Stay At Home Entertainment: Competition Content To Stream
We may not have many in-person events coming up, but there are plenty of webinars and podcasts to keep us entertained and informed. We rounded up some of the best online antitrust content for you to stream as you shelter in place.
Reforming Antitrust Policy For An Era Of Global Competitiveness
Webinar Hosted By The Information Technology And Innovation Foundation
ITIF President Robert Atkinson discusses the need for antitrust regulators to pay more attention to global markets, international competition, and innovation when evaluating mergers and antitrust policy. Guests include Aurelien Portuese, Senior Lecturer in Law at St. Mary’s University in London, and David Teece, Chairman and Principal Executive Officer at the Berkeley Research Group and professor at UC Berkeley’s Haas School of Business.
Leading tech companies compete with each other on many fronts; “they are all in the same market of competing for people’s attention.” “Apple, Google, Microsoft, Amazon, Netflix, and other firms all constantly competing against another. This is because the digital world doesn’t respect boundaries and relevant markets. So those that jump to the conclusion that there is market power fail to understand the nature of competition in the digital economy. Moreover, as professor Portuese notes, the relevant market for many tech firms is the attention market: they are all in the same market of competing for people’s attention.”
Participants discussed a need to move away from market share as the key indicator of market power and instead toward firm capabilities and strengths. “As Teece noted, a handmaiden of dynamic competition is the concept of dynamic capabilities scale. Right now we look at strengths of firms in terms of market share which makes little sense. We do that because there is data available on it. But really what matters is a firm’s capabilities and strengths. In fact, scale may or may not strengthen dynamic capabilities.”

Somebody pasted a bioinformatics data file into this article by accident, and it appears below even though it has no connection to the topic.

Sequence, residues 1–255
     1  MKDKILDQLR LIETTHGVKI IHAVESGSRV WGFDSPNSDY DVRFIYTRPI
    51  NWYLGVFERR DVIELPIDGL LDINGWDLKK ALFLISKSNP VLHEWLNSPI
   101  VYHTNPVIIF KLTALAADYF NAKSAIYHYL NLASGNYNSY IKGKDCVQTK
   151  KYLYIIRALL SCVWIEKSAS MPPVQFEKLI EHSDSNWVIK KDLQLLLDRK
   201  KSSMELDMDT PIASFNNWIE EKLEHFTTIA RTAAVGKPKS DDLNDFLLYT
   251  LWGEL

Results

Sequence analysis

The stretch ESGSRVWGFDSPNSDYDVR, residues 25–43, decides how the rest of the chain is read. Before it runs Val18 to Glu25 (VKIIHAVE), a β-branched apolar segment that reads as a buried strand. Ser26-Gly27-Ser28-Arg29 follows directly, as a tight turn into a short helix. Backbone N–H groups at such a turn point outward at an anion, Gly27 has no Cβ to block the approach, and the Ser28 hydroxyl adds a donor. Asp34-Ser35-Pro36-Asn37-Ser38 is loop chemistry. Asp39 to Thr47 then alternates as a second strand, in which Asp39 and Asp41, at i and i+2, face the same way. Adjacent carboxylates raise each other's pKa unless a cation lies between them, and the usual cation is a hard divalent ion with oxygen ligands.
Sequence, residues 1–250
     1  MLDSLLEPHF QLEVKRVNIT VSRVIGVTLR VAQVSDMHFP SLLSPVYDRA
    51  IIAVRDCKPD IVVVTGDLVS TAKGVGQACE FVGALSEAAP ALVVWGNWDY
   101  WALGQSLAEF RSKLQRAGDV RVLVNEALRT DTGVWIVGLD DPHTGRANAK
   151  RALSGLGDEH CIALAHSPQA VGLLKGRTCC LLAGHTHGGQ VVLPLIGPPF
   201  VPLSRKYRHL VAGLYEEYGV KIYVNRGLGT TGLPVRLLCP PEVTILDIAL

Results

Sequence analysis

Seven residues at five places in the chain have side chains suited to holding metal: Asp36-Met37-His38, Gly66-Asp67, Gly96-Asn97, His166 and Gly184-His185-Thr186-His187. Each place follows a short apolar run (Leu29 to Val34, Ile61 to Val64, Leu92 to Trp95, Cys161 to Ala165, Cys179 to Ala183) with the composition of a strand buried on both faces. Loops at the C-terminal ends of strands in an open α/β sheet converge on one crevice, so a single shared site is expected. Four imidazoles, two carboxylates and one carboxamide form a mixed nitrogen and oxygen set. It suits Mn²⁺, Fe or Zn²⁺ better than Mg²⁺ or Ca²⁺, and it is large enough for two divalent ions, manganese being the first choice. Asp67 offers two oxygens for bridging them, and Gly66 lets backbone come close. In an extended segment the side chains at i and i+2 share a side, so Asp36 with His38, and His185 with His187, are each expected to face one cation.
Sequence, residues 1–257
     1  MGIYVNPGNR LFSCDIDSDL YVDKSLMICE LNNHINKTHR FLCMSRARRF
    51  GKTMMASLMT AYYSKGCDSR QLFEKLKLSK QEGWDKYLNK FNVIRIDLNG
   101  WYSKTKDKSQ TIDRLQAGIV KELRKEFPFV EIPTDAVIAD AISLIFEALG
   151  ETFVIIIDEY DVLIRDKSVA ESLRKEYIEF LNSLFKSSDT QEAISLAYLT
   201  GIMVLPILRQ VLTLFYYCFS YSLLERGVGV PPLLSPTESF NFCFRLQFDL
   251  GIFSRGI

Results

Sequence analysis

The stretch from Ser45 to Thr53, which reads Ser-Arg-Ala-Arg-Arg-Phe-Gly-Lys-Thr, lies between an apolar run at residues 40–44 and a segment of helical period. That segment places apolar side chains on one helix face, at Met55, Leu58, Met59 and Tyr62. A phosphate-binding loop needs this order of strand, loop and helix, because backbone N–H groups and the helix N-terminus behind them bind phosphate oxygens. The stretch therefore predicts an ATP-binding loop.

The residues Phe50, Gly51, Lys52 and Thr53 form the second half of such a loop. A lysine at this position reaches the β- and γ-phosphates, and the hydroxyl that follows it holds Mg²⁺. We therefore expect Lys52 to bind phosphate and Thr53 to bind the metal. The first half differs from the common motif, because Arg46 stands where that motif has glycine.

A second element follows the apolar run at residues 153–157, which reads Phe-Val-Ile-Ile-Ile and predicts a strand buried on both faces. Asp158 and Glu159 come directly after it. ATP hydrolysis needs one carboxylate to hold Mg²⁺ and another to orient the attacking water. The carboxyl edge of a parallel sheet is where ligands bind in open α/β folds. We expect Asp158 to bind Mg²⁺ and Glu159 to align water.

Should The Government Break Up Big Tech? A Soho Forum Debate
A Recorded Oxford-Style Debate Hosted By The Soho Forum
Debating the resolution that antitrust should take the initiative to control the size of big tech companies, Tim Wu of Columbia University argued the affirmative and Richard Epstein of NYU Law School argued the negative. Epstein prevailed in the debate, convincing 17.5% of the audience to change their minds to his point of view.
Companies that grow and become successful in their own right should not invite antitrust speculation, explains Epstein. “If you in fact are able to achieve your particular growth and expansion through acumen or through good luck, this is not an antitrust violation. It is in effect something which says that the reason you got where you got is not because you have monopoly power, but that you created opportunities for other individuals which were never available to you before.”
Epstein points out the landscape of competitors is constantly evolving. “These are amazingly dynamic markets, and the fact that you have dominant players today and dominant players ten years ago and dominant players ten years from now doesn’t mean you’re going to have the same dominant players at all of these times. The churn is every bit as important as the current consideration. Every current so-called monopolist knows that there is a sword of Damocles hanging over their heads which says ‘if we make a misstep, it will be our last step and somebody else will then come along.'”
Big Tech And Antitrust: A Discussion With Randal Picker
On The Technology Policy Institute’s Two Think Minimum Podcast
Randy Picker, antitrust expert and professor at the University of Chicago Law School, joins Tom Lenard, Senior Fellow and President Emeritus at the Technology Policy Institute, to discuss antitrust implications around the technology industry.
Many mergers result in an enhanced product, something society and consumers benefit from. “You can certainly have anti-competitive mergers, no question about that. But the other thing you see in is, you are getting assets, to hands that can use those assets more valuably.”
Data security is outside the scope of antitrust. “I want to separate those two. Those advantages might be things which are economies of scale and scope and the like. And your point there, Tom, is that’s not an antitrust issue. Again, you could decide from sort of a pure regulatory standpoint to do something about it, but it’s not obvious that that’s an antitrust issue.”